Blessinger and Bliss (2019; Introduction to Open Education: Towards a Human Rights Theory) point to Kahle (2008: Designing Open Education Technology), who also adds:

    Ownership: “Open education is also designed for ownership when technology and content are licensed in such a way that users can both modify and retain the resource in perpetuity.” (Blessinger & Bliss 2019).
    Participation: “Open education is designed for participation when it is well-designed for access, agency, and ownership. In other words, these aspects lead to participation by learners and educators. As open education promotes these fundamental principles, students and teachers are more likely to collaborate and participate in inclusive activities.”
    Experience: referring to user-friendliness and human-centred design.
  • DeRosa & Jhangiani, “Open Pedagogy”:

    “we might think about Open Pedagogy as an access-oriented commitment to learner-driven education AND as a process of designing architectures and using tools for learning that enable students to shape the public knowledge commons of which they are a part.”

    Jesse Stommel:

    ”Open pedagogy creates a perforated community—a networked group of learners tat extends beyond the bounds of those officially enrolled in a term-based class. And hopefully a community that outlives the course that gave birth to it.”

  • Open Edu 60s & 70s 
    Claude Paquette, 1979:
    Individual differences, individual growth directing the learning
    Instructors having an indirect influence: not to make students assimilate info but help them progress individually
    Flexible space and time
    Student choice in activities and students proposing activities themselves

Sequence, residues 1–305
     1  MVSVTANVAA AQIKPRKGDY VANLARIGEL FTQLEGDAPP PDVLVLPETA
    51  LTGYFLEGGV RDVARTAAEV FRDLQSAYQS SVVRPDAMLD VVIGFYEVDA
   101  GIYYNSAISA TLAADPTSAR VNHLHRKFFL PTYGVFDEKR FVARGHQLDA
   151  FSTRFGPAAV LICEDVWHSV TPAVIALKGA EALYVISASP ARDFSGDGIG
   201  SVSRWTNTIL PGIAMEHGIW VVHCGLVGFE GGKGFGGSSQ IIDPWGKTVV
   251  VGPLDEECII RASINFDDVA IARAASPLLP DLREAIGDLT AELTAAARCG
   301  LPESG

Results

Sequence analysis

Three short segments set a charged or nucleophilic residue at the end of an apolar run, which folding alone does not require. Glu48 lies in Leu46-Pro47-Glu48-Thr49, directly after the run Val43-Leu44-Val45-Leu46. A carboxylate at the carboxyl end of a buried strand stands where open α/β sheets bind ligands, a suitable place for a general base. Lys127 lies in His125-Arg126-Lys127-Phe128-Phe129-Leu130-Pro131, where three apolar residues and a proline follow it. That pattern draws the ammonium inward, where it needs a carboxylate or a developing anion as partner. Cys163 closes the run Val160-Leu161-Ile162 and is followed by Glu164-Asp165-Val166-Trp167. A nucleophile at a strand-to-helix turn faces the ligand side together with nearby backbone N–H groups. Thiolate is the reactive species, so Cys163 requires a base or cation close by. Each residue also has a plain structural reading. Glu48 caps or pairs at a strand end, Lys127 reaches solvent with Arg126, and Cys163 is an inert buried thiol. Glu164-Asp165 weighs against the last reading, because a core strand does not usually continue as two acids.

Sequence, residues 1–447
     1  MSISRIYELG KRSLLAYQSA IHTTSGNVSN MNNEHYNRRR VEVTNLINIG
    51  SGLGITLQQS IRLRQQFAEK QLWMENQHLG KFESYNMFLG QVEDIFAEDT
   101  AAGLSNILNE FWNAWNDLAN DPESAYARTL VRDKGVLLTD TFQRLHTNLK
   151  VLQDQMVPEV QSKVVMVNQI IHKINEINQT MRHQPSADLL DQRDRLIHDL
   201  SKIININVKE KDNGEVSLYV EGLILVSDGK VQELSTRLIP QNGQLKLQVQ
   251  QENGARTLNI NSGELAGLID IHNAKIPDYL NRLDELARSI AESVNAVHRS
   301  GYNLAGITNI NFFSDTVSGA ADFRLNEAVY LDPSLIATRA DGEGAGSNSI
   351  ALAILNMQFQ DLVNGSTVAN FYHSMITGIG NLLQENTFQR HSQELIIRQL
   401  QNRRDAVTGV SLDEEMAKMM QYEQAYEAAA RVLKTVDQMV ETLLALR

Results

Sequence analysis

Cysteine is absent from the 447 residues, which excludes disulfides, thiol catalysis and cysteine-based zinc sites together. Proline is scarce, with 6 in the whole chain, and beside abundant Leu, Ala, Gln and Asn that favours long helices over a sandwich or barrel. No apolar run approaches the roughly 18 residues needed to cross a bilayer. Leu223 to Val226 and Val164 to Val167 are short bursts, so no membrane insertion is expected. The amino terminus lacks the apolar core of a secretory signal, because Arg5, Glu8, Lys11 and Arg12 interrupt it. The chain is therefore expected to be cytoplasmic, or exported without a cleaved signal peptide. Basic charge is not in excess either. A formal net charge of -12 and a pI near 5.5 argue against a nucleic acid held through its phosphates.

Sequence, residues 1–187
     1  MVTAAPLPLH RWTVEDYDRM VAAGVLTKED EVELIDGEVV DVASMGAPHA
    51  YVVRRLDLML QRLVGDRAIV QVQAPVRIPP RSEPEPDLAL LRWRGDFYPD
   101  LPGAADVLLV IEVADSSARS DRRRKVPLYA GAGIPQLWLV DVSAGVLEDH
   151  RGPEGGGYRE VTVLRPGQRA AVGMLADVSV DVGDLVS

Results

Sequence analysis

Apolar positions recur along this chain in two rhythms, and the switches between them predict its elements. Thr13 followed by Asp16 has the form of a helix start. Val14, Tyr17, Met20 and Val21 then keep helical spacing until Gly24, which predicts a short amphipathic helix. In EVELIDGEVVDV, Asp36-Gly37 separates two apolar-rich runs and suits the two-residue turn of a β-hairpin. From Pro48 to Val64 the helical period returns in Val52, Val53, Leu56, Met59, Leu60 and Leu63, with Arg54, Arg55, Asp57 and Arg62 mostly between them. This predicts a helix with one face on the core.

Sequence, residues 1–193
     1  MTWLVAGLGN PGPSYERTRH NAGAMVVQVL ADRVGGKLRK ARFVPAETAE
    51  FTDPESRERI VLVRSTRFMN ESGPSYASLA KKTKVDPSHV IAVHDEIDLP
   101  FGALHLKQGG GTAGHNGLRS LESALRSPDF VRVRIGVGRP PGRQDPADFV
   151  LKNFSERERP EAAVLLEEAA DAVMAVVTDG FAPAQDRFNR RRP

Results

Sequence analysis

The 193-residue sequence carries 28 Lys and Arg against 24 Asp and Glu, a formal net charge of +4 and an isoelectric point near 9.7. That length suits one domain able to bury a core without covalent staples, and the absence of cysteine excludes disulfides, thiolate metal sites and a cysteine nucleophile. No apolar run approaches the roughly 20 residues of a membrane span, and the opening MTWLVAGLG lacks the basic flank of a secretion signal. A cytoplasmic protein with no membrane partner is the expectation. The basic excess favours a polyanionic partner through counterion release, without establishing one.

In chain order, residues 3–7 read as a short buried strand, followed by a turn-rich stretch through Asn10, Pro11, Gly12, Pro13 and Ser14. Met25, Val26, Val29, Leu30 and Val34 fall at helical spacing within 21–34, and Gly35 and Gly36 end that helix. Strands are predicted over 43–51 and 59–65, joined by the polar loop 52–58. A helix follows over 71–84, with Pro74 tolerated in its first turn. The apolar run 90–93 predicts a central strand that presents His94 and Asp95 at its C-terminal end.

Learning activities should be such that there could be multiple answers, multiple pathways to reaching goals; also bringing different disciplines together
    Class rules established by teacher and students
    Don Tunnell (1975)
    provides what he takes to be a list of characteristics many conceptions of open education share (p. 12 of Kindle edition; emphasis mine):
    (1) Students are to pursue educational activities of their own choosing;
    (2) Teachers are to create an environment rich in educational possibilities;
    (3) Teachers are to give a student individualized instruction based on what he/ she is interested in, but they are also to guide the student along educationally worthwhile lines;
    (4) Teachers are to respect students. The following count as exhibiting respect for the student
    (a) the student is granted considerable freedom; he/ she is, for the most part, autonomous,
    (b) the student’s interests and ideas are considered to be important and he/ she receives individual instruction and guidance based on his/ her interests,
    (c) there is considerable interaction between teacher and student; they are considered to be equal in some sense,
    (d) students are rarely commanded; uses of authority are minimized,
    (e) students’ feelings are to be taken seriously.

    Brian V. Hill: Hill, B.V. (1975). What’s open about open education? In D. Nyberg (Ed.), The Philosophy of Open Education (International Library of the Philosophy of Education Volume 15). Taylor and Francis.

    “We suffer from “attempts to lump diverse trends together under the rubric of ‘open education’. Let us press for more specific and descriptive labels to identify the values, objectives or procedures that are being commended to us ….”

    “An excellent candidate for sloganizing is the word ‘open’. Immediately one uses it, the options polarize. To be open … is to be not closed, restricted, prejudiced or clogged; but free, candid, generous, above board, mentally flexible, future-oriented, etc. The opposite does not bear thinking about, and there can be no third alternative. ‘Open’ is yum.”

  • Links:
    What students have to say about Oped Ed:
    Student at Keene State:
  • Keene state college student link: